browningblr_header

Browning BLR

Jono Gun Reviews Leave a Comment

Basic Specifications

Calibre reviewed: .308Win
Magazine capacity: 4
Sights: Open, but receiver tapped and drilled
Action: Lever
Stock on reviewed rifle: Walnut (others available)
Finish on reviewed rifle: Blued (others available)
Weight: 2.95kg
Barrel Length: 508mm
Overall Length: 1016mm

Calibres

  • .22-250 Remington
  • .223 Remington
  • .243 Winchester
  • .270 Winchester
  • .30-06 Springfield
  • .308 Winchester
  • .358 Winchester
  • .450 Marlin
  • 7mm-08 Remington

Browning BLR Variants

Browning BLR Lightweight PG
Browning BLR Black Label Takedown
Browning BLR Takedown Stainless
Browning BLR White Gold Medallion

Introduction

The Browning BLR lever gun: the lever gun with all the accuracy and strength of your standard bolt action, but in the convenient package of a compact lever gun and hailing from the well known Browning stables, you know the quality, fit and finish will be A class.

I’ll be the first to put my hand up and say that I have not had much to do with these models up until I came to do this review, but I must say I am pleasantly surprised. Having been around since the end of the 1960’s, these guns have stood out for many good reasons, but one in particular is blatantly obvious: the detachable box magazine. “What’s so special about this?” I hear you ask me from your computer chair. Well, let’s remember, this is a lever gun we are talking about.

It’s everything every keen lever gun hunter trying to load a tube magazine quickly in the bush and dropping bullets everywhere has ever dreamed of, not to mention the added convenience of being able to use pointed bullets in place of flat noses. Ah, the possibilities, no more buying two different types of projectiles for re-loading or two separate packets of pre loads, one for the box magazines, one for the tube. Just imagine that.


More Details

Another outstanding aspect of this rifle is the extremely strong action, leading to the ability to use the larger, more modern magnum cartridges if needed. However, this does have its setbacks, these being the complexity of the action itself. This reviewer would suggest that unless well versed in rifle reconstruction, I would be leaving the disassembly and reassembly of this action to the experts. Too many tiny parts to go flying through the air in the gun room, ending up in the same place as that misplaced skinning knife of camo shirt that will never be seen again.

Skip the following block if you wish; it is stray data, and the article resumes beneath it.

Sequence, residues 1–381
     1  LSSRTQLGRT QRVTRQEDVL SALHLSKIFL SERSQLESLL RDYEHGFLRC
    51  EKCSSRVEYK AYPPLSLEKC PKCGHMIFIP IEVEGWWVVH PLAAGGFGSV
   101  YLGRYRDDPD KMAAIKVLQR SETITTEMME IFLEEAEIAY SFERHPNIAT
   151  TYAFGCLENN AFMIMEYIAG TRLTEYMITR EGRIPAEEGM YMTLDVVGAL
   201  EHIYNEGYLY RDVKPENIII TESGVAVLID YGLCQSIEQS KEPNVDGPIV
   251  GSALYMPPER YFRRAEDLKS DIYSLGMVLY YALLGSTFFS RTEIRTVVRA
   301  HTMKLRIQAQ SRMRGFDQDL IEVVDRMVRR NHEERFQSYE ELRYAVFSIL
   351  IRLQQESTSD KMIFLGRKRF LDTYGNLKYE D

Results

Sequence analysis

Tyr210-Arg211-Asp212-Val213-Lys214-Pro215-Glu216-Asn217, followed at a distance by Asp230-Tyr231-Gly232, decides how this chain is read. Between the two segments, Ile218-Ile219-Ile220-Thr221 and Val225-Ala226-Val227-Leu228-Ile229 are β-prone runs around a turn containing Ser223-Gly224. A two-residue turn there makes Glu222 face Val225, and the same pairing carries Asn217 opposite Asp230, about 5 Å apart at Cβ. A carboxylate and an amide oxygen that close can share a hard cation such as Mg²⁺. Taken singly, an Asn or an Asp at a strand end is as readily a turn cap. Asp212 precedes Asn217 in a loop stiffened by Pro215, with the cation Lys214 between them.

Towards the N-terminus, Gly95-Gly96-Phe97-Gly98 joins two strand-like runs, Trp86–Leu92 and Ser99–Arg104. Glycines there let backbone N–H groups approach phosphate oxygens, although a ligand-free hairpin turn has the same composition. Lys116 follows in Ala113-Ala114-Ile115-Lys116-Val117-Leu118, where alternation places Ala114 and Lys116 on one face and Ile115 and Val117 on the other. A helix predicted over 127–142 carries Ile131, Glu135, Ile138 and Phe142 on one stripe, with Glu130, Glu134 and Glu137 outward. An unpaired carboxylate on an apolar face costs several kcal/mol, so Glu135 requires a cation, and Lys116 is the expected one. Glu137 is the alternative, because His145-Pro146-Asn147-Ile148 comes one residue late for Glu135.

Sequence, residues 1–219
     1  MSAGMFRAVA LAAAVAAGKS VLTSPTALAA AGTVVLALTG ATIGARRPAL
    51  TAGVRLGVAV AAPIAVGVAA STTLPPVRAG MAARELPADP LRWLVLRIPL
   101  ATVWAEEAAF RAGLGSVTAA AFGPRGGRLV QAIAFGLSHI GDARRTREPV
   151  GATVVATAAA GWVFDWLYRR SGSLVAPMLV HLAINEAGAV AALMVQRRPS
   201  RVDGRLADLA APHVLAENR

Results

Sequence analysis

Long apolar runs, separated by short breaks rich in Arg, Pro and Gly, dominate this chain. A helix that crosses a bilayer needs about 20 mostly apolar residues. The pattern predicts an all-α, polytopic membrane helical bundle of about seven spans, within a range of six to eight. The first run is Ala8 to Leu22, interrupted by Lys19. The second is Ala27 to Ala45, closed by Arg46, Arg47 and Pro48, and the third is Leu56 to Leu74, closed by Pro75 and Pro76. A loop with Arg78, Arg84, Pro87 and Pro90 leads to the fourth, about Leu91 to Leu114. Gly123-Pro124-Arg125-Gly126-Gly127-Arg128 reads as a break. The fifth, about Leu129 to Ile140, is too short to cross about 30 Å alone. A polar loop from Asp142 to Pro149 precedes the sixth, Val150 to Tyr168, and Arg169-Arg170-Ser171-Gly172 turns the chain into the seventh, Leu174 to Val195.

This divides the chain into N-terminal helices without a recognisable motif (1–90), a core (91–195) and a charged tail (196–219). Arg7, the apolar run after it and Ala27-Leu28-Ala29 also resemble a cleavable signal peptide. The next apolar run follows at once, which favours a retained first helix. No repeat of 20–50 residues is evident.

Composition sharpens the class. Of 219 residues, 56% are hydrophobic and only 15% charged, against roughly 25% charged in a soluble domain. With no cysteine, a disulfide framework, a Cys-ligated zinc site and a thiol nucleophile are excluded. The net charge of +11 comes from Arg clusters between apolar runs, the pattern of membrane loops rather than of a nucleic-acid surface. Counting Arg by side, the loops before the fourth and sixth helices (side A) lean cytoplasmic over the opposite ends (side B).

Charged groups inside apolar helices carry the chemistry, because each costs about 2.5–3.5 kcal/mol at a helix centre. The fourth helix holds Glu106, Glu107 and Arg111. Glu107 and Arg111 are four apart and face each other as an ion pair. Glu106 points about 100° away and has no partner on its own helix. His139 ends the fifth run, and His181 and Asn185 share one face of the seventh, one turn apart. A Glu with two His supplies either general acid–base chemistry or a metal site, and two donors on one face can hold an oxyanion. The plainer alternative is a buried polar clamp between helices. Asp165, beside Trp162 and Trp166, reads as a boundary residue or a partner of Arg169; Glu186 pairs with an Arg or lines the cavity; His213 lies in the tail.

This rifle comes standard with open iron adjustable sights, but the receiver is drilled and tapped for a scope. Unlike many other lever action sights, I found these to be quite acceptable and easy to use, as well as accurate. However, if I was to acquire one of these rifles, a snazzy red dot sight would be fitted in no time. Also unlike other lever guns, the clever fore end design eliminates the need for barrel bands, adding further to this rifles aesthetic appeal.

As for safety, a clever half cock hammer position has been incorporated into the design and I must say it works. Unlike other safety designs, this half cock position can be almost silently moved to full cock, a convenient feature when you have just spent the last hour stalking that deer in thick cover or that big sleeping grunter over cornflakes in the middle of summer.

As well, we can look at the quick follow up shots that this gun allows. Since we are all aware that under our current gun laws, normal recreational shooters don’t have access to the semi autos of pre 1996, a lever gun with a detachable box magazine makes since. One of the only disadvantages to be seen is the small magazine capacity, but as with other rifles, this could change over time. My fingers are crossed.

There are also many different options available to the hunter in regards to finish and stock type, including blued, stainless, walnut stock, pistol grip and straight stock as well as takedown and lightweight models. The availabilities of these vary from area to area, so the safest bet would be to check with your local gun shop for what is around.

Conclusion

All in all, the BLR in .308 has enough power to get the job done in the Australian bush, whether it be hunting porkers, deer, or even goats and the like in thick cover, the short, fast pointing, quick shooting Browning BLR has become a favourite with many. I reviewed this gun in .308 because it is a very popular calibre for Aussie conditions, as well as being readily available and reasonably priced.

So, if you are looking for a long range head shooter, buy a bolt action. But if you are looking for a reliable lever action rifle for hunting mid range and close in, with the added convenience of a detachable box magazine, look no further, the Browning BLR is your gun.

Leave a Reply